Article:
3. Global transfers: for supporting friends and family abroad, P2P payments provide a cost-effective alternative to traditional methods like wire transfers and money orders.
  4. Online trading: for those involved in e-commerce, P2P payments provide an easy way to receive payments for goods and services sold, cutting out the need for complicated merchant account setups.
  5. Fostering charity: they extend to philanthropy as well, offering an easy way for individuals to make donations to charitable organisations and support their communities.

In Kenya, the mobile money service M-Pesa facilitates the transfer of funds via phones and has played a crucial role in alleviating poverty and improving financial inclusion. Between 2017 and 2023, the company had over 26 billion transactions between users. In India, millions use the popular mobile payment system Paytm – over 1.2 billion monthly transactions – to pay for goods and services, make donations, and access government subsidies.

While P2P payments are a relatively recent development, their potential impact on marginalised groups is significant. By providing a secure and user-friendly method for money transfer, they stand to enhance financial inclusion and streamline involvement in the wider economy. This kind of innovation could drive transformative change by bridging the gap between financial services and those most in need of them.

Kickstarting small businesses

P2P payments have breathed new life into the operations of small businesses as well as individuals. Entrepreneurs and micro-business owners can now directly receive payments for their goods and services through P2P platforms. This new process lessens reliance on cash, increases transparency, and opens new paths for business growth. P2P payments have also promoted the spread of e-commerce and online marketplaces in areas where physical retail infrastructure is scarce.

Financial services for the unbanked

P2P payment systems offer a unique advantage in that they enable financial services for the unbanked population. People who previously lacked the required paperwork or credit history to open traditional bank accounts can now access an array of financial services via their mobile phones. This includes money transfers, utility payments, savings accounts, and even the possibility to access credit through microloans. Such services empower users to handle their finances, build financial stability, and plan for their future.

The underbanked are further supported by digital-only neobanks – built upon P2P – that offer features that appeal to underbanked customers, such as overdraft loans, paycheck advances, and fee-free ATM withdrawals. They are designed to be more convenient and affordable than traditional banks, and they often do not charge fees or require minimum balances.

Challenges and future considerations

As promising as P2P payments are, they present their share of challenges in developing economies. Issues related to digital literacy, network connectivity, and cybersecurity must be addressed to ensure that the benefits of P2P payments are accessible to all segments of the population. Moreover, collaboration between P2P payment providers, governments, and regulatory bodies is crucial in order to create a conducive environment that safeguards users' interests and nurtures responsible growth.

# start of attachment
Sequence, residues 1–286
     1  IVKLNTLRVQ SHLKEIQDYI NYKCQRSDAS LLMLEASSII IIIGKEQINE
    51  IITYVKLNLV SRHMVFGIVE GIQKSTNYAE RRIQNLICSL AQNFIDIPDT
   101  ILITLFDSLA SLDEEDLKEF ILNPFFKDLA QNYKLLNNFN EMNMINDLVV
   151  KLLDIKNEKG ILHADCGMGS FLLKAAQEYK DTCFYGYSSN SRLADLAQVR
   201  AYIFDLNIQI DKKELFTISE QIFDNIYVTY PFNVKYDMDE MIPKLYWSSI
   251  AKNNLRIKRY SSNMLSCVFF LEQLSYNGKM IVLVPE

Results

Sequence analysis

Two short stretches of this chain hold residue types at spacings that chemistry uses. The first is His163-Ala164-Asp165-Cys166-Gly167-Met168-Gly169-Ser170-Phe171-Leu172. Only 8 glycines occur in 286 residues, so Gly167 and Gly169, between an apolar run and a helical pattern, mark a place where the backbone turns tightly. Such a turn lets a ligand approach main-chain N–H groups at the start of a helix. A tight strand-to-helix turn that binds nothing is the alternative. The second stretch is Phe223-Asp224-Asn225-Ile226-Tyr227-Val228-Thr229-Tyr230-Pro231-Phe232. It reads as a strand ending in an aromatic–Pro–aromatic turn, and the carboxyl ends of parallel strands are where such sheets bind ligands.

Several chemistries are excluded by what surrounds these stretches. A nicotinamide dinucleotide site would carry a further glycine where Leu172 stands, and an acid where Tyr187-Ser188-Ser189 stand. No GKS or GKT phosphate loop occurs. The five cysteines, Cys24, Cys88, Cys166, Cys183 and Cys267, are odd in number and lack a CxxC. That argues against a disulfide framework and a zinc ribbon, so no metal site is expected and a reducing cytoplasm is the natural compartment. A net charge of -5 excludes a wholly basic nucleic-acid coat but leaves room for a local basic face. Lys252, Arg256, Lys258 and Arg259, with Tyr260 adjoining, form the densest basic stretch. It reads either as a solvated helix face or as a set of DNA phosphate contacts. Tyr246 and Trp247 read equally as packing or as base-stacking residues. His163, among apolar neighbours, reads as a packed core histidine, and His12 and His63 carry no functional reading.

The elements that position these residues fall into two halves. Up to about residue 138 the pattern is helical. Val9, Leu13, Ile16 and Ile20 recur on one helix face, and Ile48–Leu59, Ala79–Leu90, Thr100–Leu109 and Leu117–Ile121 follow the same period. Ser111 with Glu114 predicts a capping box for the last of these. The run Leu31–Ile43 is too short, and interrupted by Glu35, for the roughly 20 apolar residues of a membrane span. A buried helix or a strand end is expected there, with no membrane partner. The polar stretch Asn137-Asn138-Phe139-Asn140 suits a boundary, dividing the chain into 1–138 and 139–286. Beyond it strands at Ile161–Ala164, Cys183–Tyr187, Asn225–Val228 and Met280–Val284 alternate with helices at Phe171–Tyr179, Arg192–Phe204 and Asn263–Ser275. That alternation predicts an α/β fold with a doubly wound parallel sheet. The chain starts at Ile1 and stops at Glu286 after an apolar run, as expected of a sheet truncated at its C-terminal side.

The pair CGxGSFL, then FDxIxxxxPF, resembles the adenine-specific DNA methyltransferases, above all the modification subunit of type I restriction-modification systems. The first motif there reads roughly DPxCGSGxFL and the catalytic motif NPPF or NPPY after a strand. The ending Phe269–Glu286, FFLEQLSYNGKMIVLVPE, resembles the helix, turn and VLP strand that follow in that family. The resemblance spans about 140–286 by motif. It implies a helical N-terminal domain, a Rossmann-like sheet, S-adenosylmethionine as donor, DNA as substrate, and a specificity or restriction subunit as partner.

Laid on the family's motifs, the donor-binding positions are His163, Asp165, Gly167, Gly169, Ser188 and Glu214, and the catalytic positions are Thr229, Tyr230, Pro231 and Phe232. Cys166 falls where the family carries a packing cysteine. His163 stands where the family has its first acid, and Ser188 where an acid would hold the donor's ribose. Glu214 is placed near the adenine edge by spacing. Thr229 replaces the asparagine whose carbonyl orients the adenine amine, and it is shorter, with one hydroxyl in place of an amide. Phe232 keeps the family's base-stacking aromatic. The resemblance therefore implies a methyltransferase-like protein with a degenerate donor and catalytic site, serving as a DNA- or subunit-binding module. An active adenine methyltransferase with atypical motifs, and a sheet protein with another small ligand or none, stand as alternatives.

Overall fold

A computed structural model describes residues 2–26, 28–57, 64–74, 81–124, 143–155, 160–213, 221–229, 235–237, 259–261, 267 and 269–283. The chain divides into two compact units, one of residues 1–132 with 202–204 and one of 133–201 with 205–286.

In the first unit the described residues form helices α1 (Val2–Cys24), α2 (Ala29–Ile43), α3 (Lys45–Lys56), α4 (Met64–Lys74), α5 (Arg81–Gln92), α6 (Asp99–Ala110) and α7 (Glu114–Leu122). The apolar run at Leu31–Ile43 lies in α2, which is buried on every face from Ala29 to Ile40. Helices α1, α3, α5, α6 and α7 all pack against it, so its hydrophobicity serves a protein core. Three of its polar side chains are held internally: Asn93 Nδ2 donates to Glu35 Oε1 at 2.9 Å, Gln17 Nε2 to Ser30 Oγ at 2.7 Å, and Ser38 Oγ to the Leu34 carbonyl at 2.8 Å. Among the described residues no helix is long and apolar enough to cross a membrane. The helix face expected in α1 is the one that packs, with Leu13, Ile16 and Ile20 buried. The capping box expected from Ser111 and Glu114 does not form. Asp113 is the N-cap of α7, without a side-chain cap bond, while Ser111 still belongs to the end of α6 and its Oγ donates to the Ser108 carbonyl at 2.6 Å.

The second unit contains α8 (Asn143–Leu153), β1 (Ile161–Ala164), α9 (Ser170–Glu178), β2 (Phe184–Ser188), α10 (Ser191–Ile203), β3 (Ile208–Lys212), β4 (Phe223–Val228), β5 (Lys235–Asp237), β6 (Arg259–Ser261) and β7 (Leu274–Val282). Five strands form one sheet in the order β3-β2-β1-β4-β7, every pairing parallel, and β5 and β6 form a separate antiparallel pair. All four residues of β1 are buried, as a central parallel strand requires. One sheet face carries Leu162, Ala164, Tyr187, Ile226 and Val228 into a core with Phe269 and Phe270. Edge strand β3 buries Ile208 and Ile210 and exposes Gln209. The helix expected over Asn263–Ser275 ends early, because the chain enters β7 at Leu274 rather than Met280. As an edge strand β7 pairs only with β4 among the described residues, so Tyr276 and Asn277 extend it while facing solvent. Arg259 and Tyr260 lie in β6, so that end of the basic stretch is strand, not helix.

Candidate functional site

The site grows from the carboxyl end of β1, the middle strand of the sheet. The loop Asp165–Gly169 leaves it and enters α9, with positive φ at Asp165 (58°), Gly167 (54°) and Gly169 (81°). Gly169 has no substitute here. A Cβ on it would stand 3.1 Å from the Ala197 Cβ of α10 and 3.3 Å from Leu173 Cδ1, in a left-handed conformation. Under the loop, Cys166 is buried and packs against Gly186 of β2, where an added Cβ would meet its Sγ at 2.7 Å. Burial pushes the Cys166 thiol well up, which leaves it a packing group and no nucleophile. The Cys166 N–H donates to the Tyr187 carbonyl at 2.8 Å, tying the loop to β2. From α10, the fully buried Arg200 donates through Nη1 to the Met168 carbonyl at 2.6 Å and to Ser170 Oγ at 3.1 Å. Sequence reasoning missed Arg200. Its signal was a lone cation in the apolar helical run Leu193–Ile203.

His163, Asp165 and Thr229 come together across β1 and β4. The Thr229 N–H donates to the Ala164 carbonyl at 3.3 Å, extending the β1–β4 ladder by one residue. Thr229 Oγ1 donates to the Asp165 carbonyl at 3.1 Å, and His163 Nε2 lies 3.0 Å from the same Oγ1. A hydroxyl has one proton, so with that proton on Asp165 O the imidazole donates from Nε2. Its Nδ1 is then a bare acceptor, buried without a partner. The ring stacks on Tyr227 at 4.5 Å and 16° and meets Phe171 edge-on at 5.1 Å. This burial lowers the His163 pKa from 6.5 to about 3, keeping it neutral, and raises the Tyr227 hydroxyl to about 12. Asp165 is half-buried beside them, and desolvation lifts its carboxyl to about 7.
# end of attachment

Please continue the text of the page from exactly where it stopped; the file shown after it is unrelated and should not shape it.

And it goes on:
This can be the key to transforming the financial landscape for the underbanked and unbanked, and future developments in the P2P field will continue to address these challenges, extending the reach of financial inclusion and empowerment even further.

Alongside P2P payments, P2P lending and remittance services are central to financial inclusion efforts, particularly in underprivileged regions. Nonetheless, there is an inherent risk of vulnerability for the financially insecure, who could face high fees or inflated interest rates on loans without proper oversight or consumer protection measures. The resolution lies in regulatory authorities defining clear guidelines that ensure fair practices within the P2P lending and remittance sectors.

Taking P2P further

The landscape of P2P payments is ripe for further innovation and expansion. A notable development in April 2023 saw Visa collaborating with PayPal and Venmo to introduce Visa+, a pioneering service bridging the two payment platforms using unique payment addresses. With the ability to establish a payment address, users can seamlessly transfer funds between the two payment apps.

Chris Newkirk, Global Head of New Payment Flows at Visa, articulated the significance of this collaboration: "Through this collaboration, Visa+ can help break down barriers for payment app users as they connect, engage and move money."

This strategic move by Visa opens the door to an even more streamlined P2P landscape. As payment visionary David Birch pointed out on LinkedIn, further advancements could usher in a future where consumers possess a singular payment address linked to multiple payment platforms. This evolution could eliminate the need for traditional identifiers like account numbers, routing numbers, or branch codes.

Envision a world where individuals share a simple pay name on their business cards, allowing anyone to send money without grappling with complex account information, app handles, or card numbers. Such a unified payment address system has the potential to redefine ease of use and accessibility in the realm of P2P payments, ushering in an era of unmatched convenience.

P2P payments have traversed a remarkable journey from their modest origins to becoming a vital component of a thriving banking ecosystem. These innovations have not only transformed the way individuals transact but have also extended financial empowerment to those previously excluded.

The trajectory of P2P payments showcases their capacity to bolster financial inclusion, drive economic participation, and continually evolve to meet the changing needs of users. As we look ahead, the interplay of technological advancements, market dynamics, and user preferences will shape the next chapter of P2P's remarkable journey.